Elvis firm all shook up by legal defeat.
Three Court of Appeal judges rejected a challenge by EPE, of Memphis, Tennessee, to an earlier court ruling in favour of Mr Sid Shaw, who runs a memorabilia shop called Elvisly Yours.
Mr Shaw, who used to run a shop from Shoreditch High Street in London's East End and has now moved to the Trocadero in the City's Piccadilly Circus - selling articles from watches to toiletries that bear the singer's name - won a ruling from a High Court judge in March 1997 that EPE did not have the sole right to the legend's name.
EPE took their case to the Court of Appeal, challenging the decision by Mr Justice Laddie that a star's name, whether living or dead, cannot be used as a trademark.
His judgment led to rejection by the Trade Mark Registry of an application to register Diana, Princess of Wales.
Mr Shaw, speaking after Lords Justices Simon Brown, Morritt and Robert Walker dismissed the appeal in London, said: "In history David beat Goliath once - I have had to do it twice.
"I'm delighted. I've proved that Elvis belongs to all of us - Elvis is part of our history, part of our culture.
"Hopefully, the fans will start to support me and buy my souvenirs because Elvis souvenirs are tomorrow's antiques."
In rejecting EPE's appeal, Lord Justice Simon Brown said there should be no "assumption that only a celebrity or his successors may ever market or licence the marketing of his own character.
"Monopolies should not be so readily created."
EPE was refused leave to appeal to the House of Lords by the three judges, but it can still apply directly to the Law Lords themselves to hear the case.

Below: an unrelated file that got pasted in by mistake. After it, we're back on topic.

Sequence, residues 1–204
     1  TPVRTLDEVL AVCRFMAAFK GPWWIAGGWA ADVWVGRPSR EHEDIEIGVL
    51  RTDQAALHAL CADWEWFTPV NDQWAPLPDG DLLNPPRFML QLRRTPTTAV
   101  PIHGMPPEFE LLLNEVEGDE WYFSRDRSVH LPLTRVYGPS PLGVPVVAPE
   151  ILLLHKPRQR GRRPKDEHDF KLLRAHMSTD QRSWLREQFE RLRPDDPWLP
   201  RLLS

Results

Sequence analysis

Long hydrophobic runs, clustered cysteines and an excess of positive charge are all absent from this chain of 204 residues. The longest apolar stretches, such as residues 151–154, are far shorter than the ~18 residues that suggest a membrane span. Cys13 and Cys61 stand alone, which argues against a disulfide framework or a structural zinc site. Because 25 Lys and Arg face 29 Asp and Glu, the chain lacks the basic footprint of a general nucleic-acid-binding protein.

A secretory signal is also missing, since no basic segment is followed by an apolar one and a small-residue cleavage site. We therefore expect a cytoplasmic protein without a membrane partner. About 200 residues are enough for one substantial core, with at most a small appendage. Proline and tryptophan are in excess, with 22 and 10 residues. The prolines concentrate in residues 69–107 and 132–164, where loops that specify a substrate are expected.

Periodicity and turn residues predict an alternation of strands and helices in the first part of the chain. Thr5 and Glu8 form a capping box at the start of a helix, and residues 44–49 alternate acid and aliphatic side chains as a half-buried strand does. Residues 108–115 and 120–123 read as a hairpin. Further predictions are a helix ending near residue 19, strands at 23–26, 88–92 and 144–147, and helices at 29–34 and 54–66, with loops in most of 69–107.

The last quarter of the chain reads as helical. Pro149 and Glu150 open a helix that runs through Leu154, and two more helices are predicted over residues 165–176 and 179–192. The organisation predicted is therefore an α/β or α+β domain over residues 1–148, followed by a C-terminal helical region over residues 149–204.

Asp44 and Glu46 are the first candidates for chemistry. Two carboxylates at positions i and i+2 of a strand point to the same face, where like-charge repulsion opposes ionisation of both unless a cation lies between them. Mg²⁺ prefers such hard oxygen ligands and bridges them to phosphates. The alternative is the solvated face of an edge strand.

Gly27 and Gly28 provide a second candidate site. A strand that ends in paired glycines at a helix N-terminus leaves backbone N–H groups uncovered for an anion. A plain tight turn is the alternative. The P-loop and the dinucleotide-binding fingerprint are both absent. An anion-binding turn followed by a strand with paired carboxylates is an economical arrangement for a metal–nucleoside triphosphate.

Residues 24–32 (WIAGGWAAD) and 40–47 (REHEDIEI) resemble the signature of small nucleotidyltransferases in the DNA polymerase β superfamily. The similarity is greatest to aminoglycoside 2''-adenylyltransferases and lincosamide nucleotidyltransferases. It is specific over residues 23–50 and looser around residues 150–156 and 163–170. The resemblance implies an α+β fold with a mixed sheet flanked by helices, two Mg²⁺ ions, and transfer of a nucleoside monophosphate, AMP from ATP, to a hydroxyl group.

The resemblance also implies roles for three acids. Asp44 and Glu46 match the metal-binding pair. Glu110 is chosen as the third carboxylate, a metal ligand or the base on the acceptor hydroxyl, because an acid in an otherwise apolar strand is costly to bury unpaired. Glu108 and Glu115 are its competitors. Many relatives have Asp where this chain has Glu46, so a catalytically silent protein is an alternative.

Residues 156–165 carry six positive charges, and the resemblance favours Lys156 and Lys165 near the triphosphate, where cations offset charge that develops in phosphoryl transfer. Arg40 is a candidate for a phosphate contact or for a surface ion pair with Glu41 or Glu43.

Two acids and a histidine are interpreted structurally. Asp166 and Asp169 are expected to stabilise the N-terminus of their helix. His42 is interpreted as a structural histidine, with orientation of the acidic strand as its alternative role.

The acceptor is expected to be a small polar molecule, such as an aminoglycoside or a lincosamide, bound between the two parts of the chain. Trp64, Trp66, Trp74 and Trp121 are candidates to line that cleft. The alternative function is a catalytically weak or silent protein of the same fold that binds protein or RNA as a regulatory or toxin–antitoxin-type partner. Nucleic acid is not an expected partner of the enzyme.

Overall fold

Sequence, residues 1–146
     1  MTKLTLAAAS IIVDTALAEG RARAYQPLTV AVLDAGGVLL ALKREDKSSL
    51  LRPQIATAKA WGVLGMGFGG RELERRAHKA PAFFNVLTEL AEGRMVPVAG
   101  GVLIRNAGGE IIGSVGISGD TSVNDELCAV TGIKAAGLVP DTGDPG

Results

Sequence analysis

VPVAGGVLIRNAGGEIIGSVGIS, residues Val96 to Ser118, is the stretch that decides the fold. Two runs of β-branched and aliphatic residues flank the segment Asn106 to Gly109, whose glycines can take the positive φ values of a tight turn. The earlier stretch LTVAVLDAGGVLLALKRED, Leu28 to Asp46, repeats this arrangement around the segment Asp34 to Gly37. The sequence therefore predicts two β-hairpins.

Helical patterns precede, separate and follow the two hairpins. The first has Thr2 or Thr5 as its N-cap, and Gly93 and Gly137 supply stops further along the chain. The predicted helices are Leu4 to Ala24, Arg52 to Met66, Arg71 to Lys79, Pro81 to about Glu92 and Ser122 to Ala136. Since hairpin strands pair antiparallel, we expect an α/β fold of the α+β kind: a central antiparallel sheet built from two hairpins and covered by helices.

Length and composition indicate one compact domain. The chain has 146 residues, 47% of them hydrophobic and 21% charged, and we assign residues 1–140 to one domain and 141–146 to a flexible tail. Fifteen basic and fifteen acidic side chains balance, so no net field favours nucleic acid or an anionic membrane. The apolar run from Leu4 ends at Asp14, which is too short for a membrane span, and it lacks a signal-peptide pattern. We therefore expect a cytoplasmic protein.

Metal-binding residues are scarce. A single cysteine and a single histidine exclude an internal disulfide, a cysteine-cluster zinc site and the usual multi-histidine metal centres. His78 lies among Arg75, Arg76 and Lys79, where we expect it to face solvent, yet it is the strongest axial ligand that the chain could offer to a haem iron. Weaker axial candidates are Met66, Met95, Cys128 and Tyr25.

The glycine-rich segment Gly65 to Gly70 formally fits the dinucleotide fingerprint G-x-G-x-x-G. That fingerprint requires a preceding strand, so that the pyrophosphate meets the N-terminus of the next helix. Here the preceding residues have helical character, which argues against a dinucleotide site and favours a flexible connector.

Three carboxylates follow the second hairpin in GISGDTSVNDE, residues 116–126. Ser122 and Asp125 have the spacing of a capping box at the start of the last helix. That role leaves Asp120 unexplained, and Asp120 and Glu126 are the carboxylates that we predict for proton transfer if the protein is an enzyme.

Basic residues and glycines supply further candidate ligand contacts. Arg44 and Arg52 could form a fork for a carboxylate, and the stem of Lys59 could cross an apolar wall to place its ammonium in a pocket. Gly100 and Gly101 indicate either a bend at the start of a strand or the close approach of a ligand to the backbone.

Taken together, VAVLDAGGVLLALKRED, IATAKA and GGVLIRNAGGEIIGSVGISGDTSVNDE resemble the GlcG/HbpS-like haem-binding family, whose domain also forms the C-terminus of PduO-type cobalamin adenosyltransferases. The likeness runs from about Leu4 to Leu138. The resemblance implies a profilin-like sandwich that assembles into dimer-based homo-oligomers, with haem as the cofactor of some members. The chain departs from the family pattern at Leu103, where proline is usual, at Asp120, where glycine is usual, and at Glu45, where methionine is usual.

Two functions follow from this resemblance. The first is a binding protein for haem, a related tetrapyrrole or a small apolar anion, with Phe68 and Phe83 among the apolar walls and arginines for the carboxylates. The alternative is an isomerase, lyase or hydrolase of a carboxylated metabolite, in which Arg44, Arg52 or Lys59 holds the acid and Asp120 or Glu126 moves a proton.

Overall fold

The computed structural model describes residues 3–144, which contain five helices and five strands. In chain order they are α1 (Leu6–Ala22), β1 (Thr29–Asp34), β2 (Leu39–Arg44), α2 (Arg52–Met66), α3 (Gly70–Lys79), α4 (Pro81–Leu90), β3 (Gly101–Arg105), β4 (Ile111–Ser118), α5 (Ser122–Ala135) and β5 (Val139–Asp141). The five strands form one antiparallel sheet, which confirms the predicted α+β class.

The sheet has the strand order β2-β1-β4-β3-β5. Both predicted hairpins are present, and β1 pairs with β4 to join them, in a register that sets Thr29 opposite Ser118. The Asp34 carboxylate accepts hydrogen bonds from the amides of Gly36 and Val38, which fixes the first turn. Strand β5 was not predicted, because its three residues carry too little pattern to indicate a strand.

When Mr Justice Laddie gave his ruling he said: "Even if Elvis Presley was still alive, he would not be entitled to stop a fan from naming his son, his dog or goldfish, his car or his house `Elvis' or `Elvis Presley', simply by reason of the fact that it was the name given to him at birth by his parents."
During the subsequent appeal hearing, Mr Peter Prescott QC, counsel for EPE, told the judges that the case raised a point of "some wide commercial importance in the trademark world".
He said: "It is the question of the famous name, which is sought to be registered as a trademark.
"We say it raises a paradox because there could be no doubt that if Elvis Presley had remained an obscure person from Tupelo, Mississippi, or indeed had never gone into music at all, his name Elvis, Elvis Presley and his signature would be regarded as distinctive trademarks which would be registered without any difficulty.
"We say that conclusion is incorrect.
"We say that the fame of Elvis Presley does not detract from the registerability of his name - if anything it would enhance it.
"That is the central point of the appeal."
But, the Court of Appeal upheld Mr Justice Laddie's findings.
Mr Shaw's wrangle with Elvis Presley Enterprises began 17 years ago after it objected to his products, some of which were being sold as souvenirs at Graceland, Elvis's home in Memphis, where the American company is based.
The head of EPE is Priscilla Presley, the singer's widow, who is the legal inheritor of his estate.